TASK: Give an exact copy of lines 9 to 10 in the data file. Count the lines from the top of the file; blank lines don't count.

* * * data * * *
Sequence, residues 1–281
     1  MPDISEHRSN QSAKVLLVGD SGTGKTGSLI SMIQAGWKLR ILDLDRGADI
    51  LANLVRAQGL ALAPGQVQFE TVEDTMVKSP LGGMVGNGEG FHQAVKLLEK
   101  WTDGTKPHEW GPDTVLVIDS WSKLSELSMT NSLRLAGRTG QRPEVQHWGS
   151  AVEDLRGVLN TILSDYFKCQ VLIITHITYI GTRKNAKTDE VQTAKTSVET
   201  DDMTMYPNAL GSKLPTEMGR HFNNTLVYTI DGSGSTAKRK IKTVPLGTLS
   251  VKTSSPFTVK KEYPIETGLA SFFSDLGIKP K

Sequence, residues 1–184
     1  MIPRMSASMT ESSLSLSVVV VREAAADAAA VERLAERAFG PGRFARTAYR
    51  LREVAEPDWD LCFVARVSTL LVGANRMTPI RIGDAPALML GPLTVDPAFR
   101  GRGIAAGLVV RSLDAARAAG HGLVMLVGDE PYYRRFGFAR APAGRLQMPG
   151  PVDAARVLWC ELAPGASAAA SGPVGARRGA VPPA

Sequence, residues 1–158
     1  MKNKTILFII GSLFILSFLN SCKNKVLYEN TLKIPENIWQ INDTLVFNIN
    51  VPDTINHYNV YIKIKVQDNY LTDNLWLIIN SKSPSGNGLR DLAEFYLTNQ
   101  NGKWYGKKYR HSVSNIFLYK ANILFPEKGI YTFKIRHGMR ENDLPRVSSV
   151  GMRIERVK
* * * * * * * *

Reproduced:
     1  MIPRMSASMT ESSLSLSVVV VREAAADAAA VERLAERAFG PGRFARTAYR
    51  LREVAEPDWD LCFVARVSTL LVGANRMTPI RIGDAPALML GPLTVDPAFR